When the Wuhan coronavirus pandemic came to America earlier this year, Democrats rushed to score political points and demanded elections be conducted through the mail instead of in person. They did this thinking it would be politically advantageous and productive in bolstering victory for their candidates.
When President Trump pointed out problems unprepared systems would have with an onslaught of untested, mass mail-in voting, Democrats doubled down in an effort to prove him wrong. The tech censors at Twitter slapped President Trump’s tweets about potential issues and warnings of fraud or incompetence with warning signs for “misinformation." Cable news anchors and White House reporters assured Americans the system would work.
It’s been six months since mass mail-in voting was first proposed. There is one month to go until the 2020 presidential election. This experiment has already been nothing short of a completely predictable disaster.
In New York, several delayed results from a Democratic primary served as a huge red flag.
“Election officials in New York City widely distributed mail-in ballots for the primary on June 23, which featured dozens of hard-fought races. The officials had hoped to make voting much easier, but they did not seem prepared for the response: more than 10 times the number of absentee ballots received in recent elections in the city,” the New York Times reported in August. “Now, nearly six weeks later, two closely watched congressional races remain undecided, and major delays in counting a deluge of 400,000 mail-in ballots and other problems are being cited as examples of the challenges facing the nation as it looks toward conducting the November general election during the pandemic."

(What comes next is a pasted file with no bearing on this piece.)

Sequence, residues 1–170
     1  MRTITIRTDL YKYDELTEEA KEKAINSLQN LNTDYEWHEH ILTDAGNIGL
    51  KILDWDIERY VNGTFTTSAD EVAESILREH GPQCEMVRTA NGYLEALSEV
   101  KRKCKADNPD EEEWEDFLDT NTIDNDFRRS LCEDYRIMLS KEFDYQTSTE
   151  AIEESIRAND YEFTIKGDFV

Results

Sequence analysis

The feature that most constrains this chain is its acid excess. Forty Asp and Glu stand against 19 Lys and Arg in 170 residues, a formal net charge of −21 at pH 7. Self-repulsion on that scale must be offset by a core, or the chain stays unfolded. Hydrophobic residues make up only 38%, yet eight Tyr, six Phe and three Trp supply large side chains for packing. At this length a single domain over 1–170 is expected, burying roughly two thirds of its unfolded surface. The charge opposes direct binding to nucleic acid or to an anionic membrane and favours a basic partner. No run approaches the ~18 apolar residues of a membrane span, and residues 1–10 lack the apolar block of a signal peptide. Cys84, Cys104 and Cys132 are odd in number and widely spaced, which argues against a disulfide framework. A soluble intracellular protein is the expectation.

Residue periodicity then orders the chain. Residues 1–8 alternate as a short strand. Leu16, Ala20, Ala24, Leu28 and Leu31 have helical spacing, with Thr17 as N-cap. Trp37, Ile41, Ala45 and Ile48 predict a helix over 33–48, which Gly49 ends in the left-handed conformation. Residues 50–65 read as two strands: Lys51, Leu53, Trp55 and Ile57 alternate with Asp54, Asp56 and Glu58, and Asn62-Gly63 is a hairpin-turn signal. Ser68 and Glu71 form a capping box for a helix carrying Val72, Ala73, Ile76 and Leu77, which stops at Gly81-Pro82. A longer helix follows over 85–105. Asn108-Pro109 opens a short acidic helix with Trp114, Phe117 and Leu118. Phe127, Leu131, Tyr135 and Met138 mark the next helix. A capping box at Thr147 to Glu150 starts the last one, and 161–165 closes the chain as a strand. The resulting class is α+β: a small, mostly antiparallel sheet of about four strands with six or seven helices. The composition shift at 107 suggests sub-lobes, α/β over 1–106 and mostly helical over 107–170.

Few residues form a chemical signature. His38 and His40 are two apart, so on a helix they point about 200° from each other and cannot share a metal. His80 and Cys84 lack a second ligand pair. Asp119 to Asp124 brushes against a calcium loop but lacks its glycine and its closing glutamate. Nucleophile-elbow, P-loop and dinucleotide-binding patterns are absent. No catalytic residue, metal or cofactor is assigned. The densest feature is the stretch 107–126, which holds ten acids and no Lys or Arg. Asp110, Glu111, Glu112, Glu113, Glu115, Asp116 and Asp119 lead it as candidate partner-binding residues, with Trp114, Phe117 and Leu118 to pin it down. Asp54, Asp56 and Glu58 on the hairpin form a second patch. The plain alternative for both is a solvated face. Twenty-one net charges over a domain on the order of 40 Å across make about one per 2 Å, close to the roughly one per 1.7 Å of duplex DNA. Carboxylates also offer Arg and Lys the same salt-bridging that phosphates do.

In states across the country, households are receiving numerous ballots, with none of them addressed to the person who currently lives at the residence.
“A Washington, DC, friend had EIGHT ballots sent to her apartment. ZERO ballots were for the current resident,” Nathan Brand, who works at the National Republican Senatorial Committee, recently tweeted.
The results have been so chaotic and unreliable, The New York Times Editorial Board is now calling for voters to cast their ballots in person.
“Any New Yorker who is able to do so ought to vote early and in person. The news this week that the city’s Board of Elections sent defective absentee ballots to nearly 100,000 voters makes this need clear,” they argue.
All along, this is what Republicans and President Trump have been encouraging Americans to do -- in local and national elections.
But considering Democrats are still voting by mail in droves, their votes are the most at risk. In the New York races, which adopted mass mail-in voting this year, 20 percent of ballots received were thrown out or disqualified due to human error. In states across the country, hundreds-of-thousands of votes via mail were rejected.
“More than 534,000 mail ballots were rejected during primaries across 23 states this year — nearly a quarter in key battlegrounds for the fall — illustrating how missed delivery deadlines, inadvertent mistakes and uneven enforcement of the rules could disenfranchise voters and affect the outcome of the presidential election,” the Washington Post reports. “The rates of rejection, which in some states exceeded those of other recent elections, could make a difference in the fall if the White House contest is decided by a close margin, as it was in 2016, when Donald Trump won Michigan, Pennsylvania and Wisconsin by roughly 80,000 votes…This year, according to a tally by The Washington Post, election officials in those three states tossed out more than 60,480 ballots just during primaries.”
On the campaign trail, Democrats continue to tout a surge in mail-in voting requests while Republicans plan on voting in person. Ironically, Democrats have put their own votes in jeopardy in yet another failed attempt to prove President Trump wrong. It turns out he was right all along.